sword sharpness

by Tyson

QUESTION: When you are a sword collector, does the said sword have to be sharp. Because in my opinion, if it is not sharp, then you are collecting something else other than a sword, because, a sword is sharp, and if it's not, then it is just a hunk of slabed metal.

ANSWER: Interesting question, and the answer is - it depends on what you want it for.

Obviously a sword that is only going to be used for display doesn't need to be sharp. And a sword that will be used for re-enactemnt or steel on steel sparring cannot be sharp for safety reasons.

On the other side of the coin, some swords that are sharp are not suitable for cutting because everything else about them is wrong (i.e. wrong steel, no tempering, bad tang, etc).

Historically, not all swords were sharp either. Many sabers were sharpened only so far, and yet could still deal a fatal blow or sever a limb. A sword can also be TOO sharp, in that it will chip when it strikes a hard surface, or wear away too quickly after a few cuts.

So as you can see, the question is a rather complicated one! ;-)


- Paul

Comments for sword sharpness

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Your operative word was "collector"
by: Caleb

I love forums: you NEVER know what the person on the other side really means so you get so much fun looking at the questions from as many angles as possible and thus reach a (hopefully) comprehensive answer.

So do swords have to be sharp?

NO if you are a conservator of ~some~ types of museums (eg European, Chinese)
YES if you are a FORMAL martial arts practioner and your instructor has given you the AUTHORATIVE go-ahead for a shin-ken
YES if you are a conservator of Japanese sword museums because their national standard seems to REQUIRE displayed swords be polished, which makes them very sharp
NO if you are Weta Workshop working on swords for Lord of the Rings

But you say, for a "collector", and that ultimately boils down to what kind of a collection? If it's like a ~performance~ collection, similar to how some kitchen-knife fanatics have $1000USD & up collections of knives not for their cooking but for appreciating their "performance" or "craftsmanship", then of course it has to be sharp! If it is a "celebration of swords as a technology" collection, in which you showcase how each sword of each era would have been like "in their prime", then of course it would be sharp. But if it is a "i want a sword from each of the major periods" collection, then it does not have to be sharp. A one-handed Chinese pre-Ming Dynasty sword (I don't know...the ones that look like Viking swords and are noticibly heavier than the European short sword) is best represented by its slightly-dulled form, because, historically, they just ended up being much more often dull than sharp. As for a Japanese in NON-Meiji era, like when they were actually fighting, just sharp enough, but not razor-sharp from mirror-polish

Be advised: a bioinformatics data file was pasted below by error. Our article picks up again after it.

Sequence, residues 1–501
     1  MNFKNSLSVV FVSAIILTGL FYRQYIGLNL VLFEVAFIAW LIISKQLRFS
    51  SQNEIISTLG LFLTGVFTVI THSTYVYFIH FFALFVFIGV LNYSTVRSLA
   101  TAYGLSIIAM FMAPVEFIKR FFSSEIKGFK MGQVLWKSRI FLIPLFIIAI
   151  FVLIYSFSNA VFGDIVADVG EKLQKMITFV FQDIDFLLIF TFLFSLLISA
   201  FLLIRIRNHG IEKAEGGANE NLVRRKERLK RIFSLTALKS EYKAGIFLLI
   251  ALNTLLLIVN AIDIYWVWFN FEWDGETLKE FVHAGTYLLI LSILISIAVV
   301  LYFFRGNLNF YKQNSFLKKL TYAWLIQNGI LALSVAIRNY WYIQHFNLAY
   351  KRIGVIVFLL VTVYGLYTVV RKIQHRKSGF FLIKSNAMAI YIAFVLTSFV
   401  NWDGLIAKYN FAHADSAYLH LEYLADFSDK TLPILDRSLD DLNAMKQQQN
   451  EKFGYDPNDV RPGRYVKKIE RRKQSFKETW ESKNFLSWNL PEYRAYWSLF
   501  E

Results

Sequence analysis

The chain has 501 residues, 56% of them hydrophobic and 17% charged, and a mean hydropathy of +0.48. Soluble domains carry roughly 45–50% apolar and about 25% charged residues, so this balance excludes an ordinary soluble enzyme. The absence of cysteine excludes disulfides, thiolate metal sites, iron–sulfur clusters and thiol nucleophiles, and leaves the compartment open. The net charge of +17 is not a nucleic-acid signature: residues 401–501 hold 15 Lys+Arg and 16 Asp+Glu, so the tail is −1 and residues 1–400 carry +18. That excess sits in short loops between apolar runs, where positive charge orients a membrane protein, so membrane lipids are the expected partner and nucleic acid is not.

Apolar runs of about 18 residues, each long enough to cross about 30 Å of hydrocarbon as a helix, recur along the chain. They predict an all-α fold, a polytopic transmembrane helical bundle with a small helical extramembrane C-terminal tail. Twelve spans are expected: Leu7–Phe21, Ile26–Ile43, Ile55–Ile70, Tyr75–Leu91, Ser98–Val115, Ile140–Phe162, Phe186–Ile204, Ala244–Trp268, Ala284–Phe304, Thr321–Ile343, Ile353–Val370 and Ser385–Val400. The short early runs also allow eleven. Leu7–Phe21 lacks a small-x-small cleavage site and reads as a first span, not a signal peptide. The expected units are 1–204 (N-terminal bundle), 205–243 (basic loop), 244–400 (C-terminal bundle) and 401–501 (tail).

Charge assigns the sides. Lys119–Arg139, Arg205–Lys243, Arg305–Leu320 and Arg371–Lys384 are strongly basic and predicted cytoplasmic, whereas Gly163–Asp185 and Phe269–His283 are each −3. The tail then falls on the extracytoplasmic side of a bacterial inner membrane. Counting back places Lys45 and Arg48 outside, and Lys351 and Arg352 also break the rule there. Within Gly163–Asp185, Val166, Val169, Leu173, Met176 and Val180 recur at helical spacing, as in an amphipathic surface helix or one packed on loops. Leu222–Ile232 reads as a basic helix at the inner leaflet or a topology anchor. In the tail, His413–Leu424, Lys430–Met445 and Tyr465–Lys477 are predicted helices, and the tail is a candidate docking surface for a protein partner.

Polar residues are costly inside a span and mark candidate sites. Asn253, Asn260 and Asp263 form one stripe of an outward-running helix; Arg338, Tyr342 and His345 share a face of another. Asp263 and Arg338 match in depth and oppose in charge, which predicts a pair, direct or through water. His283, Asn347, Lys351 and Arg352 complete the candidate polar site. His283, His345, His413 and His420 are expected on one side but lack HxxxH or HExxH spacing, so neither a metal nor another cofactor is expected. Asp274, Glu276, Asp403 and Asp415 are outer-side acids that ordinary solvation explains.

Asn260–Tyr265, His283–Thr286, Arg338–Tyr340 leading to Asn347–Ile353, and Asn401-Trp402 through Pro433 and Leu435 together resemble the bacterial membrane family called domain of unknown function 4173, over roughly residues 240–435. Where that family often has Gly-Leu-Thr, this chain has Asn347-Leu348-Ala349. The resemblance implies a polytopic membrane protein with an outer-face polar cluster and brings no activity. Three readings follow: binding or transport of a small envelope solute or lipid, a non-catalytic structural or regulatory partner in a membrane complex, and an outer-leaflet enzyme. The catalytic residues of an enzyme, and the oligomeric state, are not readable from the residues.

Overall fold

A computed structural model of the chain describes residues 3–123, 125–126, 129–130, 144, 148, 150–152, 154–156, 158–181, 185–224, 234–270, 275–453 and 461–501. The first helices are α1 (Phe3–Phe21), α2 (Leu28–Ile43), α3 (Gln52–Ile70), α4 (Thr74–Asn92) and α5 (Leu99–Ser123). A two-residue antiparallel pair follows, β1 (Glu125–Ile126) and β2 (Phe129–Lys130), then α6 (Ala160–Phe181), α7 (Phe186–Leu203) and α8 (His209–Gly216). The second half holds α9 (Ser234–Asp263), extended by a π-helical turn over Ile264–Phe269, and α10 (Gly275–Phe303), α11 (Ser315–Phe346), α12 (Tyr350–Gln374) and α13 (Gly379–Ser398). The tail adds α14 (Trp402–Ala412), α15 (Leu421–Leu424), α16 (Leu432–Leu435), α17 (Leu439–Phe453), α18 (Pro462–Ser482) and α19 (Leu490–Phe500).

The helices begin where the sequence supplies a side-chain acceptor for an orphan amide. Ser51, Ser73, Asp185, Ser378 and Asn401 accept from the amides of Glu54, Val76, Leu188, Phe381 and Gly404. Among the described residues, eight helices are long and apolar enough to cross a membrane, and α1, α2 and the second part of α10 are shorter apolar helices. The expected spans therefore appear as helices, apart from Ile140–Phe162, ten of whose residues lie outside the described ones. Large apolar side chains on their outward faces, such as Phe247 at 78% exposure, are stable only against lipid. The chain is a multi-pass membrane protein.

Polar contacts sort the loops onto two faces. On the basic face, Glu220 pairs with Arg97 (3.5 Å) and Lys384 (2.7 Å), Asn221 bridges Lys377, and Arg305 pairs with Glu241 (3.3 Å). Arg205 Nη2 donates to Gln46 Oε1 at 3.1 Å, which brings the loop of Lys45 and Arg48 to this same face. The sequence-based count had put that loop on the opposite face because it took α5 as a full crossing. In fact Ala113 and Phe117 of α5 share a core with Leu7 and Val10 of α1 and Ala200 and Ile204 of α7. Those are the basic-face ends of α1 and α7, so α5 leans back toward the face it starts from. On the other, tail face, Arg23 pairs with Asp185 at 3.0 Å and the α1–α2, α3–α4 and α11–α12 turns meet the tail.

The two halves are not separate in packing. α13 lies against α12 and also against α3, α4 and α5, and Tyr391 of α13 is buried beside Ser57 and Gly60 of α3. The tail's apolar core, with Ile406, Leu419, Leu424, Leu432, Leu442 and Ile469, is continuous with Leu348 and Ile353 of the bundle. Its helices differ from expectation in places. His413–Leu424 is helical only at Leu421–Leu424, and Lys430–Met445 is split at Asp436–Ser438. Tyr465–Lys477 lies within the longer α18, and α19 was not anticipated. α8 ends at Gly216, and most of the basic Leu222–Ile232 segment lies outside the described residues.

a sharp strip of metal douse not a sword make
by: Adam Pendragon

I have to agree with Paul on this one.
Just because it's sharp dosen't make it a good sword, or even a sword at all. I have been a Medieval Historian and sword collector for more than 30 years (longer than many of you have been alive) and very few swords I've had were ever shapened, mainly because I've never had the need to. Years ago I and some of my friends used to spar with live steel (sharp weapons)and I have the scars all over to prove it. But for the most part they've always been un-sharpened.
A couple of years ago I had a one-off sword made for me by a man in Solingen Germany (he's a spanard) who made a sword for the king of Spain for 60,000 euros. My sword only cost 1,000 euros ($13,000 at the time). It is made of hand-forged steel smelted from bog-iron (what real medieval swords were made of)and meteorite. The sword grinder's family (the man who did just the finnish grinding) has been in the sword grinding business in Germany for 600 years. Every thing about this sword is made in exactly the same way a sword was made in the middle-ages. This sword is one of the last in Germany to be registered as a military edged weapon (something most Germans are not even allowed to own); and before I payed for it, I shoved it through a 1969 Ford LTD car door. Compaired to this sword, and Albion is just a sad wanna-be. Oh, and did I mention that it's un-sharpened?
The point being: a "real" sword is much, much more than just sharp. Besides, the vast majority of medieval antique swords are not sharp--at least not any more. Are these not real swords?

the edge is the point
by: Locky

It's not if it's sharp or not but if it can take and hold an edge or a point.

by: Astyanaz

If you own an automobile museum, do the cars have to run?

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